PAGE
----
Teachers in Cumbria and Southern Scotland walk out over pay dispute

Teachers took to the pocket line in Stranraer to call for an improved pay offer. Credit: ITV Border

Teachers in Cumbria and Southern Scotland have staged a walk out today in an ongoing row over pay.

In Cumbria, members of the National Education Union have held picket lines calling on the UK government to improve its pay offer to educators across England.

North of the border, members of the Education Institute of Scotland (EIS) also held a rally in Stranraer, saying the Scottish Government's current proposals represent a 'real-terms pay cut'.

EIS General Secretary Andrea Bradley said, “This two-day national strike action is a further clear signal that Scotland’s teachers are not prepared to accept the deep real-terms pay cut that is being offered to them.

"Support for the ongoing programme of strike action remains very strong, with a growing number of teachers out on picket lines with each day of action. Indeed, the EIS processed a significant number of new membership applications in the run up to today’s action, as more teachers expressed their desire to stand shoulder-to-shoulder with their colleagues on EIS picket lines this week.”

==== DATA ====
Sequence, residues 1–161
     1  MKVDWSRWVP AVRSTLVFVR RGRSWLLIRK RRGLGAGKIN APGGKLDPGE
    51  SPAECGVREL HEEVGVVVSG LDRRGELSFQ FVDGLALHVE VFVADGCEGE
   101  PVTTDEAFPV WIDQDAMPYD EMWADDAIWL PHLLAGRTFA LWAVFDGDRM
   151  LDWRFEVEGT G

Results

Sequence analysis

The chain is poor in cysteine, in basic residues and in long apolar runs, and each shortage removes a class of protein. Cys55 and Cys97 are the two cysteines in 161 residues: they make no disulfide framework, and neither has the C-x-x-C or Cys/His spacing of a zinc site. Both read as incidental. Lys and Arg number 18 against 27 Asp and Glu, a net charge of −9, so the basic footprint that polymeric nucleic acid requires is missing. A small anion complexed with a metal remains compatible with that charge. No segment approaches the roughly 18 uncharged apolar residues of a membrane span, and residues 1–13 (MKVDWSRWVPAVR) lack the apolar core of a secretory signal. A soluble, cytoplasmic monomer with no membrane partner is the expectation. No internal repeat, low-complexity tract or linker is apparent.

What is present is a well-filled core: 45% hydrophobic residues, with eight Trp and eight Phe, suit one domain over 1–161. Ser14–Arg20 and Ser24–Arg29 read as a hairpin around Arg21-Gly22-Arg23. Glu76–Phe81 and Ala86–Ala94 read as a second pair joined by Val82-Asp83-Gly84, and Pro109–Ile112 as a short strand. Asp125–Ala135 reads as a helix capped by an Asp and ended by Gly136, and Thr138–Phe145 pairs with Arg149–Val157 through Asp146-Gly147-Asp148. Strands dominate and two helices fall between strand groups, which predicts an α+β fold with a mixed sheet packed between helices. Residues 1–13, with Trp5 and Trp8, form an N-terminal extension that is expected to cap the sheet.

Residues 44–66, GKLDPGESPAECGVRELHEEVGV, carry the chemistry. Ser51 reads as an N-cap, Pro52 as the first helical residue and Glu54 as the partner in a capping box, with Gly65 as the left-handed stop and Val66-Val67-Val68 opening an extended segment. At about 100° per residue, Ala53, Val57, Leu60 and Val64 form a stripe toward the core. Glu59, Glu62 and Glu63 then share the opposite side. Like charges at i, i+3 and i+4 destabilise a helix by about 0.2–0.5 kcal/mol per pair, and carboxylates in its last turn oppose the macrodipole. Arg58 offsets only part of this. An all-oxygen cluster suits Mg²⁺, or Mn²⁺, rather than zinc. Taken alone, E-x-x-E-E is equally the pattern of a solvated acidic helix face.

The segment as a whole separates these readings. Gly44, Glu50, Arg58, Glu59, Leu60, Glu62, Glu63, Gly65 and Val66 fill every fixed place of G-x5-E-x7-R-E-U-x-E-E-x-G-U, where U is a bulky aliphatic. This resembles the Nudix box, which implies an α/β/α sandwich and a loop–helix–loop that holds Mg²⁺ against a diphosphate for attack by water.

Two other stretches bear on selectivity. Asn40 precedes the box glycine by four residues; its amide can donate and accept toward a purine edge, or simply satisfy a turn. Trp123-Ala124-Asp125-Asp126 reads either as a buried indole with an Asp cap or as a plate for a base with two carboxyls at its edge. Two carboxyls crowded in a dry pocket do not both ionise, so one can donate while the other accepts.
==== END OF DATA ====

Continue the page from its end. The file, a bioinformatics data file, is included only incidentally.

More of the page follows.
Shirley-Anne Somerville, Scotland's Education Secretary, has insisted that the demands of teaching unions are unaffordable. She said: “We have now had five offers that have been put on the table to trade unions and we have of course seen two of the trade unions accepting the final offer.

"That last offer was for an 11.5% increase in April and more importantly, I think over the period of 2018, a 30% cumulative rise in teacher salaries. So I think this was a very fair, very affordable offer.”

Meanwhile demonstrators in Cumbria have called on the UK government to revise their offer to teachers. Louise Atkinson, National Education Union said: "The offer that was made for this year’s pay for teachers was well below inflation, that still means a real-terms pay cut within our pay packet.

"Crucially, it comes out of existing school budgets. So that’s taking away from the pens and the paper and all of those things we need to that provide the education for the children and young people that we support. "

UK Education Secretary Gillian Keegan MP says the strikes are "very disappointing", adding: "Children and teachers are trying very hard to catch up with the impact of the pandemic.

"Every day out of school is going to make that harder. We offered those serious talks and I would urge the NEU to pause those strikes, come around the negotiating table and let's start those serious discussions."

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